The First Rise

Grease a bowl with oil and place the dough in it. Cover the bowl with a lid which gives the dough enough space to rise. Keep the bowl in a warm place. I keep it inside my oven itself. Let the dough sit for 45 minutes or till its double in size. During this time, yeast will eat upon carbohydrates and release carbon di oxide which will get trapped within the strands of gluten. If yeast is not activated the dough won't rise.

To make sure the dough has risen enough, take the rise test. Push your fingers inside the dough upto the second knuckle and if they leave the imprints it is ready to be punched.


Punching the dough will remove the big air holes and will give yeast fresh flour to feed upon. It will add to the texture and flavor of the bread. Punch the dough to push out the air. Knead the dough again for 3-4 minutes.

Rolling and Shaping

Now roll it out. I rolled it out to a thickness of 1 inch.  You have to give a shape to the bread now. Start folding in the dough from one side. Keep rolling it over so that the dough starts taking a shape of a long cylinder. Now grease a 9x4 loaf pan. Fold the two ends of the dough so that it fits in the pan lengthwise. Keep the dough inside the pan with the seem facing down.

The Second Rise

Cover it with a plastic cling film and keep it for its second rise. This second rise will help in the formation of gluten and will give a better texture to the bread. Wait for another 25- 30 minutes or till it doubles in size. Do not let the bread spill out of the pan.


Meanwhile pre heat your oven at 190 degree celsius. Also keep a bowl of water inside the oven. As the water evaporates to form steam, the steam will keep the oven humid enough to slow down the process of cooking the top of the bread and will prevent the crust from hardening up while the bread is still cooking. Now place the loaf pan on the middle level of the oven. Set the timer for about 45 minutes.

Do make sure to check the bread in  between. Somehow in my oven the steam was not getting properly trapped so the top was cooking faster. Hence I covered the top with aluminium foil so that I can give it enough time to bake without getting the top burned. To check if the bread is cooked properly, tap the bottom of the bread. If it sounds hollow it is done. I took the bread out exactly after 45 minutes.

Cooling and Slicing

After taking the pan out take the bread out of the pan immediately so it does not get soggy. Place it on the steel grill that comes with the oven. If you keep the bottom on a plate or any other surface which does not let air pass through, it will get soggy. Let it cool down for about 30 minutes so that the hot air inside the bread settles down. Now cut with a serrated knife to get fine slices. (I am missing my serrated knife hence used the normal knife thus the not so beautifully shaped slices)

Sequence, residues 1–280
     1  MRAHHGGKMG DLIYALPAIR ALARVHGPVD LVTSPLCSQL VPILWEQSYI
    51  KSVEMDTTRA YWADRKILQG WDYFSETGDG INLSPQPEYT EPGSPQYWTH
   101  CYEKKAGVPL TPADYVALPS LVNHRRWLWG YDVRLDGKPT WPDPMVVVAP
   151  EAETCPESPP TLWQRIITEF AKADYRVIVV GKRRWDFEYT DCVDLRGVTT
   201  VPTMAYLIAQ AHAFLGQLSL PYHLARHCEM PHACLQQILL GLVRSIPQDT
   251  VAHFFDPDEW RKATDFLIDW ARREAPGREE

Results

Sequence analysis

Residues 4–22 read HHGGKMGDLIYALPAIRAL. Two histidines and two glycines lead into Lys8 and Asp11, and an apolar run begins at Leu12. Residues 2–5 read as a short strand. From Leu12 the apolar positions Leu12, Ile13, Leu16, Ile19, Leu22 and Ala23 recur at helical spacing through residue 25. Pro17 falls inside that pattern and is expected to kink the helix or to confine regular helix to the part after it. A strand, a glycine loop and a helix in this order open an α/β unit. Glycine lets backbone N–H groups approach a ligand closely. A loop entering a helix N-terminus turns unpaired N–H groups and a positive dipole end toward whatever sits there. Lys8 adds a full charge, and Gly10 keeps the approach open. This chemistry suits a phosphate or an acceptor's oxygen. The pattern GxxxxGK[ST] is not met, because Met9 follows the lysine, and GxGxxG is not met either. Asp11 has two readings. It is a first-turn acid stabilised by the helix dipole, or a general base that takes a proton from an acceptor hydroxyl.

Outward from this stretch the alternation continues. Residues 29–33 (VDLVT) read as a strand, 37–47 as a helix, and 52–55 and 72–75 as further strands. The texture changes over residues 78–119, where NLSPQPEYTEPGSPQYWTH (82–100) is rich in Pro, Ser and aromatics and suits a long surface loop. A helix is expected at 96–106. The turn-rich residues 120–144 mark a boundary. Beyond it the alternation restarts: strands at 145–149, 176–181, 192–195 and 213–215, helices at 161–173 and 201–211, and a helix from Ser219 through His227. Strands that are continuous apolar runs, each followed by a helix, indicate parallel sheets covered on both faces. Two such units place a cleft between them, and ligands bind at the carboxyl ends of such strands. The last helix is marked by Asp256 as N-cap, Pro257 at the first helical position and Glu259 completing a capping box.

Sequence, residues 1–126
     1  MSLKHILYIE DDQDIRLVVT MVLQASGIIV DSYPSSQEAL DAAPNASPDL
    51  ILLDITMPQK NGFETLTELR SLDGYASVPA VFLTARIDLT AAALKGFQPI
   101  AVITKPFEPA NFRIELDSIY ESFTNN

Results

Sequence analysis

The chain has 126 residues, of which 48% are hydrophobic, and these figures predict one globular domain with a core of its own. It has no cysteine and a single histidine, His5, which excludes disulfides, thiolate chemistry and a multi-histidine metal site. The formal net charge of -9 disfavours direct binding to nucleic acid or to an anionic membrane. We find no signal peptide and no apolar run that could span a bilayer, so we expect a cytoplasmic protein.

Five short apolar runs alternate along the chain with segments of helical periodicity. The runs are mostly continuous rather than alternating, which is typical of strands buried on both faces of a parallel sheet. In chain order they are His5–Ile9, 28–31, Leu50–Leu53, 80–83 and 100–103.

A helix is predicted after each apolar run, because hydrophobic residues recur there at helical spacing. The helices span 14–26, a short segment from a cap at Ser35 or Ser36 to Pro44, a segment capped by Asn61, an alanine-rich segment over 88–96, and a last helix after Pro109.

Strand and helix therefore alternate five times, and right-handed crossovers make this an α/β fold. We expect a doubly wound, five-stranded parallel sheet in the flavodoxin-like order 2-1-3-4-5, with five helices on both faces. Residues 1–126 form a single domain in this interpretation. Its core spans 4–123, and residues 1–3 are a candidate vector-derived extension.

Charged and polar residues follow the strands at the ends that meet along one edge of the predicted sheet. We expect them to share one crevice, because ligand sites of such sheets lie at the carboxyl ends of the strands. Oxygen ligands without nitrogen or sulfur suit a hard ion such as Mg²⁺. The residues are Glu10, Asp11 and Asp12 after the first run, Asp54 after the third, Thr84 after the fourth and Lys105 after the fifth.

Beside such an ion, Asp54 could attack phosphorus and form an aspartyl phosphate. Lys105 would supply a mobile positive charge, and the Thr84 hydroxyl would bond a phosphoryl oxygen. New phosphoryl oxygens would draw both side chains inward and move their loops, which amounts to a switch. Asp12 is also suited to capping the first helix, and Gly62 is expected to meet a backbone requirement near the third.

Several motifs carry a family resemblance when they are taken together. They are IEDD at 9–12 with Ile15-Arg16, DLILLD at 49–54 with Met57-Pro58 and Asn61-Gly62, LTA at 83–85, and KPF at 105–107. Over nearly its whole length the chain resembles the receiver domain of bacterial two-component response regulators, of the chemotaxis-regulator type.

This is bread, you can serve it with whatever you feel like. The bread was soft from inside,  like really really soft. We had it with freshly made egg bhurji and it was a meal to remember.

So don't worry about the yeast, kneading or the gluten formation. Take care of the ingredient measurement, smaller details like window pane test, cooking at the right temperature and you would be good to go.

I am on a bread baking spurge. So wait for my next post which is all about Jamie Oliver's garlic and rosemary focaccia.

Have fun baking bread!

Submitted for Yeastspotting


  1. Thank you for a lovely post. I am new to bread baking too and I am in search of the perfect white loaf to use for sandwiches. I may give this a try. Have you tried working with sourdough starter? That's what I have been using and I love it. I wonder how it could be incorporated into this recipe. Perhaps using a cup of starter and 3/4 tsp instant yeast? Happy Baking.

  2. Hey. Thank You :) I have not tried with sourdough starter. I have tried making a pita bread with a starter. Worked wonders. I am not sure how can u incorporate sourdough starter into this recipe but your measurements do seem logical. Reduce the amount of flour if you are using starter as well. Let me know how it works out. :) If you love baking bread then I would suggest to visit this site.. Happy baking :)